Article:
Episode 9 of the Coder's Block podcast out now

In this post I'll be going over the Stripe API and more specifically, using it in a .NET environment. I'll say right now that Stripe and the internet do not make this an easy task for a .NET developer. Stripe offers examples in everything except .NET and most online examples use 3rd party libraries to get the job done. But where's the fun in that. I'll be going over the entire process without using any 3rd party apps, and just using the native .NET classes and the HTTP API services that Stripe provides.

Checkout vs Stripe.js

First things first. You have 2 options when it comes to implementing Stripe on your own website. The simple and fast approach is using the pre-built copy and paste Stripe Checkout script. It will automatically add a payment button on your website and upon clicking it will load all of the appropriate pre-built form controls for you. Everything on the front-end is essentially handled by Stripe.

It does have a few drawbacks however that I should mention. For one, you can't set the display price dynamically like you can with Stripe.js. At least not easily. You will have to create the Checkout script dynamically yourself, either on the server, or through JavaScript. A dynamic script, if you will. Particularly if you have a very web 2.0 ajaxy pricing UI. The checkout script looks like the following. You can set the amount to charge, the display text and the display image.


<script id="gatewayscript"
    src="https://checkout.stripe.com/checkout.js" class="stripe-button"
    data-key="pk_test_your_key_goes_here"
    data-amount="2000"
    data-name="your name"
    data-description="2 widgets"
    data-image="your display image"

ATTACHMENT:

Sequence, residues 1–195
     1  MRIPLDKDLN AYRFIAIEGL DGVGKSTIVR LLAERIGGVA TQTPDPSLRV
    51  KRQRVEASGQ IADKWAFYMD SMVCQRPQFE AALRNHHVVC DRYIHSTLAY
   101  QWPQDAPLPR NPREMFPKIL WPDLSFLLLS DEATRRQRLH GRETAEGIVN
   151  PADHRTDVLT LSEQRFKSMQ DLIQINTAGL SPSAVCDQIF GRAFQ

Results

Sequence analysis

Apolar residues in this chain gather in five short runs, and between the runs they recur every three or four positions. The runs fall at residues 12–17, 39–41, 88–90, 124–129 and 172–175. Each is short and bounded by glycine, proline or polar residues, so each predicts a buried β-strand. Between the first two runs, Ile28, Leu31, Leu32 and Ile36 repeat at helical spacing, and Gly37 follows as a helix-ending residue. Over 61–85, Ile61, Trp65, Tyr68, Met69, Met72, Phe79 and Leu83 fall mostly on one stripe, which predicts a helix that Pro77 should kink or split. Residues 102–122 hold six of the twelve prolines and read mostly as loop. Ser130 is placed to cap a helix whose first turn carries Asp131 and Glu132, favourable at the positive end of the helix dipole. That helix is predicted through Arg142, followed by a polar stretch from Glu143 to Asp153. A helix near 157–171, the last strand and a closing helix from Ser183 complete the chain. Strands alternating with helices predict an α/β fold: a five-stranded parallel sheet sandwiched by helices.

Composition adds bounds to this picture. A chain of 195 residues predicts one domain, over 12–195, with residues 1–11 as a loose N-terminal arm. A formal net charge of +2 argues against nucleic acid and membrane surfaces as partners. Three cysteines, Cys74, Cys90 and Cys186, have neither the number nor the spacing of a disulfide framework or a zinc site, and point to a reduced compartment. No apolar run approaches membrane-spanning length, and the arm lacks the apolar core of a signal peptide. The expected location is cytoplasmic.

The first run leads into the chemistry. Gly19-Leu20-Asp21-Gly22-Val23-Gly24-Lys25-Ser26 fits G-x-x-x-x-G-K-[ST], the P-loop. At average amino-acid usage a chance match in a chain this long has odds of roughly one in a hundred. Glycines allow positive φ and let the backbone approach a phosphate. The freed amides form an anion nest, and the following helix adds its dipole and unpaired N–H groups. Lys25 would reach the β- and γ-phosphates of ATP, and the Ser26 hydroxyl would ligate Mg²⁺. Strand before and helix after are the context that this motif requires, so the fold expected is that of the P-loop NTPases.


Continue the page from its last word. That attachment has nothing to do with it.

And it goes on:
data-locale="auto"
    data-zip-code="true">
  </script>

And secondly, you have very little control of this UI/UX on the Checkout form. Which isn't a bad thing mind you, as it does look very nice and it handles validation very well on its own. By default Checkout will have just an email, credit card number, expiration date and CVC field with a submit button. But if you have a more specific design that you have in mind, or you would like to add custom fields to the interface then you're going to have to go with Stripe.js.

Stripe.js

Stripe.js is the way to go if you're looking for a very custom payment solution. If you need to specify prices dynamically or have any other type of custom forms and fields that are needed for payment, then this is the way to go. Checkout in fact does use stripe.js, however it obfuscates that from the developer. Here, you'll have to do much of what Checkout offers, yourself, such as validating credit card formats and sending the token back to the server. So in this post, I'll be going this entire process. All without using any 3rd party libraries. So let's start off by including the stripe.js script in our head section.